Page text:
So society advanced further, with it’s stories told through photography, radio, and film– and soon cultures were relying upon the things gatekeepers created and allowed in the public sphere for ways to define themselves, their roles, and their lives. But then came the internet: the communication revolution that changed everything. Information that was at one time only accessible by the elite few became accessible to anyone with an internet connection. And so the tower of Babel came crashing down.
Now modern society has absolutely benefited from diversity, intersectionality, and the constellation of cultural rhetorics, especially in the age of the internet. We are absolutely in a time where originality and multiplicity should shine and be rewarded. But a cultural diversity of story thrives when gatekeepers of popular culture are able to recognize the validity and value of perspectives that contradict their own, and hold both with equal weight. And the gatekeepers we used to have were of the dominating sort– the new gatekeepers capable of doing so have yet to be found.
So, surrounded by our mass of near identical information, we are in a hyperreality of our own creation– one in which we are incapable of distinguishing the existent from the simulation. So, lost in a sea of data and desperate for control, we return to what we’ve always done– the scripts and stories we tell ourselves. But this time, we’re getting our stories from the computers that live in our hands.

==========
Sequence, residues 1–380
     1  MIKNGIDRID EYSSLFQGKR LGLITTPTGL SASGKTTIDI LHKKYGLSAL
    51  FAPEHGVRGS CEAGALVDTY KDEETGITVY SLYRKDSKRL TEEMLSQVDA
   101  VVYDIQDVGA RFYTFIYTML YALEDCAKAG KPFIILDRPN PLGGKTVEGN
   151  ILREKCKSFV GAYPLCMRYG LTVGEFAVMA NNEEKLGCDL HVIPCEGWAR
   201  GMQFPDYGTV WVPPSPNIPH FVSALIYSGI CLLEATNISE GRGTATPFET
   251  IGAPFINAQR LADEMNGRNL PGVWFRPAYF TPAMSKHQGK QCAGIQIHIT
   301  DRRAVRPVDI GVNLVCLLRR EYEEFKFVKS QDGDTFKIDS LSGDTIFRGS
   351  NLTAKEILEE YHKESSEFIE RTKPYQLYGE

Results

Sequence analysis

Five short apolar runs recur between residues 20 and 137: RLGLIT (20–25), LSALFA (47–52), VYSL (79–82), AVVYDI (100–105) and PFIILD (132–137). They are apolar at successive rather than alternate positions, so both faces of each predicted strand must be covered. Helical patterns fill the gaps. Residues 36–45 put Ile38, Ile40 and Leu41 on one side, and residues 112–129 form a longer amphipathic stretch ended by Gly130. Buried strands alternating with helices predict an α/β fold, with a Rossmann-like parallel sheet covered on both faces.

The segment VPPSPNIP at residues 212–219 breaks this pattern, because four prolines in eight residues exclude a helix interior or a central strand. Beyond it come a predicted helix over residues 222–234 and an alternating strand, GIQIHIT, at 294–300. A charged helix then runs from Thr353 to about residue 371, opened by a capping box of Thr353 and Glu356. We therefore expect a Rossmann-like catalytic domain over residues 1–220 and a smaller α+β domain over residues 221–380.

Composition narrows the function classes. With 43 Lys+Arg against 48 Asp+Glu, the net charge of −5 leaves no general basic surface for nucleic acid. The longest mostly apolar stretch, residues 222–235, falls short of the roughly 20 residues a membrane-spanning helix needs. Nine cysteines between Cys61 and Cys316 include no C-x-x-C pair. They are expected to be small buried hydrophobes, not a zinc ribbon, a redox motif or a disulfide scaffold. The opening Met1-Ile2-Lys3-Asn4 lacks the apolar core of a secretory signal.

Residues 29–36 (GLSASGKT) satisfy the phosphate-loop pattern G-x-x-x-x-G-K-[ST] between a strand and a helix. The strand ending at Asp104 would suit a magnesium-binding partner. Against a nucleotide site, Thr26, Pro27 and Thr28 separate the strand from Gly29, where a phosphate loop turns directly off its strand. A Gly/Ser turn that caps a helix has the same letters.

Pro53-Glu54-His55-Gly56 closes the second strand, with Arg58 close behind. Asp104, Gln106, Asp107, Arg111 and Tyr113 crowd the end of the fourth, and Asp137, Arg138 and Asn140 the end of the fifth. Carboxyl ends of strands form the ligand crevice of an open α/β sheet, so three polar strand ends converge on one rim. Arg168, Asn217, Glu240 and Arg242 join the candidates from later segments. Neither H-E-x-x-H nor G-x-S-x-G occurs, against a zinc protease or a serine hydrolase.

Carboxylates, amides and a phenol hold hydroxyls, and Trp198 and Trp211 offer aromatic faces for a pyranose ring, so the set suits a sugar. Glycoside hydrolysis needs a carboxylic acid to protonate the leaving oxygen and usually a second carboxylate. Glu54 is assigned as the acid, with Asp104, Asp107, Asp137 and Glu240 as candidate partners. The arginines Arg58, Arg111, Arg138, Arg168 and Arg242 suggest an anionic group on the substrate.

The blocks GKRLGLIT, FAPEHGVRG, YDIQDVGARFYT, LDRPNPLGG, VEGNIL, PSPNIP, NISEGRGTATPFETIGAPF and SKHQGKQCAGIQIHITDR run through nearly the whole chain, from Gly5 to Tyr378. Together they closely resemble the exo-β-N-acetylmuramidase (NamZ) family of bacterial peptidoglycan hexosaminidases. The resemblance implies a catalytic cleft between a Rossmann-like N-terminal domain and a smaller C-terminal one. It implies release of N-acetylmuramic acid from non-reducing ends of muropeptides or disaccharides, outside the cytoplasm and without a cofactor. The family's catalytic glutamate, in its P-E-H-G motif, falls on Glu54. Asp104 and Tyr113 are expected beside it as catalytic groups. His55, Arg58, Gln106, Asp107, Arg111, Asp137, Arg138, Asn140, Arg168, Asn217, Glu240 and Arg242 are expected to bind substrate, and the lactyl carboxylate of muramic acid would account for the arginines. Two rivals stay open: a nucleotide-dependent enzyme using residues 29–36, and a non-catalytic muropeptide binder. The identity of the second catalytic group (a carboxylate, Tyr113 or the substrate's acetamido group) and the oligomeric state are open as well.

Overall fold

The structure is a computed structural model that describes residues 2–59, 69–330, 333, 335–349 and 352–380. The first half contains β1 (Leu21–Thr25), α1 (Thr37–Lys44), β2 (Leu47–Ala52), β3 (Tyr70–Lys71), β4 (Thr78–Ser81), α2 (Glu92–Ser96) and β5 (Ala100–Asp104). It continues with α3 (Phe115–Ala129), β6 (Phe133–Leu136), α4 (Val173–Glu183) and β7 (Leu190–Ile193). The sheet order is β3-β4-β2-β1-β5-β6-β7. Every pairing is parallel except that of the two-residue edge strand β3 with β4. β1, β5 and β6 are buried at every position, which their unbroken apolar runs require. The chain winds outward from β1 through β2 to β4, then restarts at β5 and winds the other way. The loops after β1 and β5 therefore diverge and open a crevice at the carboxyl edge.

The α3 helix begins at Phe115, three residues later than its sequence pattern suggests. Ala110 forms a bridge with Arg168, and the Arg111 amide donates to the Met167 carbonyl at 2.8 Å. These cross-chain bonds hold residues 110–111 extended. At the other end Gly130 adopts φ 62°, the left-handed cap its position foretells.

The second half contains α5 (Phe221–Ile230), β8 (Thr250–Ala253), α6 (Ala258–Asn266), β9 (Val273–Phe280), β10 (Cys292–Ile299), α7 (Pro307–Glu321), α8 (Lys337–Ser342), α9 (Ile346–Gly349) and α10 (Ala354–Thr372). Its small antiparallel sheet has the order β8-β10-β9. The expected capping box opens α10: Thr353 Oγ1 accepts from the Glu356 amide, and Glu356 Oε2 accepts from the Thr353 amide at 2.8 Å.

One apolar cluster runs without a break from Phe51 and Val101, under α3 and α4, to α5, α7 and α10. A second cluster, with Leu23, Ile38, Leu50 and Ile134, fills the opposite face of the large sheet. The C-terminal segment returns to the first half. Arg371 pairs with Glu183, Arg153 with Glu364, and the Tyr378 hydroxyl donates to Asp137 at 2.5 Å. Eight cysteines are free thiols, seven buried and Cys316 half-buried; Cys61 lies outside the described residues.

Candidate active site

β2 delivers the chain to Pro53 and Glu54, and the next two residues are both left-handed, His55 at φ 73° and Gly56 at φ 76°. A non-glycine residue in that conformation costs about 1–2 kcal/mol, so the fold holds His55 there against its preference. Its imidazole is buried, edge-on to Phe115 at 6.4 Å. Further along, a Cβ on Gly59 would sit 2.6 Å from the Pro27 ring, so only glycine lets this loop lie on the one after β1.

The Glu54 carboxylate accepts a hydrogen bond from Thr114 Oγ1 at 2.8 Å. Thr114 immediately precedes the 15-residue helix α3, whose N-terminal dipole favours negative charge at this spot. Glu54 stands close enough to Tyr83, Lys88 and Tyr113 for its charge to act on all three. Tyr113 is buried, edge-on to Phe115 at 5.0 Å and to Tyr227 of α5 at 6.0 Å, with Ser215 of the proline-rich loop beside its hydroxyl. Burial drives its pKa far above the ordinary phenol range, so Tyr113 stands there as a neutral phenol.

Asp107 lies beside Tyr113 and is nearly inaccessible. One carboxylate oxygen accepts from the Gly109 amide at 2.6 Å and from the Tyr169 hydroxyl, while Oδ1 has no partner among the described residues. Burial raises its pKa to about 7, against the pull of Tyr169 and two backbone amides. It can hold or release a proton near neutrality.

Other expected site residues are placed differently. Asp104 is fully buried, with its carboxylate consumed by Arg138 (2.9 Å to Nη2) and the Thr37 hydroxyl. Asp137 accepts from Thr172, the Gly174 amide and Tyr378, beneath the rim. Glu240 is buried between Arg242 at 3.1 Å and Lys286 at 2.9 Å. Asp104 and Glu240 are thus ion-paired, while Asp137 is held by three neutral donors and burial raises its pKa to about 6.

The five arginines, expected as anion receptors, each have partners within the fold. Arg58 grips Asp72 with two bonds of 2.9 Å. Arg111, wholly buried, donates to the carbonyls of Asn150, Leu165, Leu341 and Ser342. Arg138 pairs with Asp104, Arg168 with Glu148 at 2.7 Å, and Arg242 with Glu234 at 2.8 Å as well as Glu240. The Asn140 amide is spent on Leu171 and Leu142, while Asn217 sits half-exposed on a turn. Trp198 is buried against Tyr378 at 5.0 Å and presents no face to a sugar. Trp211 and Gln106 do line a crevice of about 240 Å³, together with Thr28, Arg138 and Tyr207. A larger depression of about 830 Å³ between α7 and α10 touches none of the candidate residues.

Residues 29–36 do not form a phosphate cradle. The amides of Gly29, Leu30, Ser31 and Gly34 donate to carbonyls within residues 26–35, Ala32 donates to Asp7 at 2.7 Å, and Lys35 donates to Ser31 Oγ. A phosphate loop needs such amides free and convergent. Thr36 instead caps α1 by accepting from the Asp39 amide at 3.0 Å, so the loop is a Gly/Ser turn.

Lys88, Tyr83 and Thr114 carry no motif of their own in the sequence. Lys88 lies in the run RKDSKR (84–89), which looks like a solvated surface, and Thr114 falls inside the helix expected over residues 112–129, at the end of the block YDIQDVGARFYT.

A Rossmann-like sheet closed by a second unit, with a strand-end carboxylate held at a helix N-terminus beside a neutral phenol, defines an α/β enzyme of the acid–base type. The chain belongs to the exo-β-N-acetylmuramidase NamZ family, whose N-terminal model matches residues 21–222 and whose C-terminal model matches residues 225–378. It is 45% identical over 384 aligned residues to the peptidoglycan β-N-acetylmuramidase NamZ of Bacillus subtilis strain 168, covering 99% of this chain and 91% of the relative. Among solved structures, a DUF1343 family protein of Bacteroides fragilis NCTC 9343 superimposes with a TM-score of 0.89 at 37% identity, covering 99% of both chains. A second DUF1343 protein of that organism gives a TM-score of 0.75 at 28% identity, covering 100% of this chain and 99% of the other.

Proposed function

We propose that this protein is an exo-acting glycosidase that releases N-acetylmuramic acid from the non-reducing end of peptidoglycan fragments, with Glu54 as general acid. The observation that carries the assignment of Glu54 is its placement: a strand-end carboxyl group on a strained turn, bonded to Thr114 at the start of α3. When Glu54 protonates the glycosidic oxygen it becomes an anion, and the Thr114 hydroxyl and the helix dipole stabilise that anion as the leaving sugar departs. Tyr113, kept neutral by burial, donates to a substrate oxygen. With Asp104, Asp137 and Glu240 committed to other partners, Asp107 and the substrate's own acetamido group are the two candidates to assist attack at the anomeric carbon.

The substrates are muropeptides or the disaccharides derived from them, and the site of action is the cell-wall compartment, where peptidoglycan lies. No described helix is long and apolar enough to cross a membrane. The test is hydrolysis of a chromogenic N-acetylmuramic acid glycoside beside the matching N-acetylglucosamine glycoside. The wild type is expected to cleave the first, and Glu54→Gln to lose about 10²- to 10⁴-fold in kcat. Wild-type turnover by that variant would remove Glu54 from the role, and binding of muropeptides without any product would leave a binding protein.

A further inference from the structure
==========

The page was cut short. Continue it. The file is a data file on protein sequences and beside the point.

These “scripted” robots on which we read the news, check our work schedules, our bank account balances, arrange our calendars, text our friends and families, do our homework, watch tv, even record our thoughts and experiences– also allow us to share or store in a “cloud” all our information, a hypothetical mass of wires and electricity that holds the very data of our lives. Thus, we have replicated our lives in the digital sphere– our identities performative in how they interact, and who they interact with, on the world wide web.
In our individualistic and capitalistic society, we are told we have the freedom to create and choose our own paths. And with each of us having our own portal guns, we all have this freedom. But with this freedom, comes a great cost– with the ability to pick and choose the information and knowledge I consume, learn, and believe to construct my own reality, I run the risk of never fully sharing reality with another being again. Thus the hyperreality is split– and we all inhabit universes of our own creation.
Maybe, the truth is we never were in the same world– that the nature of consciousness is to be an individual mind. But in a time where political rhetoric is vitriol and tribalistic, and global catastrophe appears imminent, the need for a universal story is more urgent than ever before.
But perhaps now that we know what we’ve created, we know what we must do next– locate the true core of the human experience, the one that can pierce through the dissent, and offer the story that we can all share a role in. Until that day, we are all but digital zombies, slouching towards Bethlehem.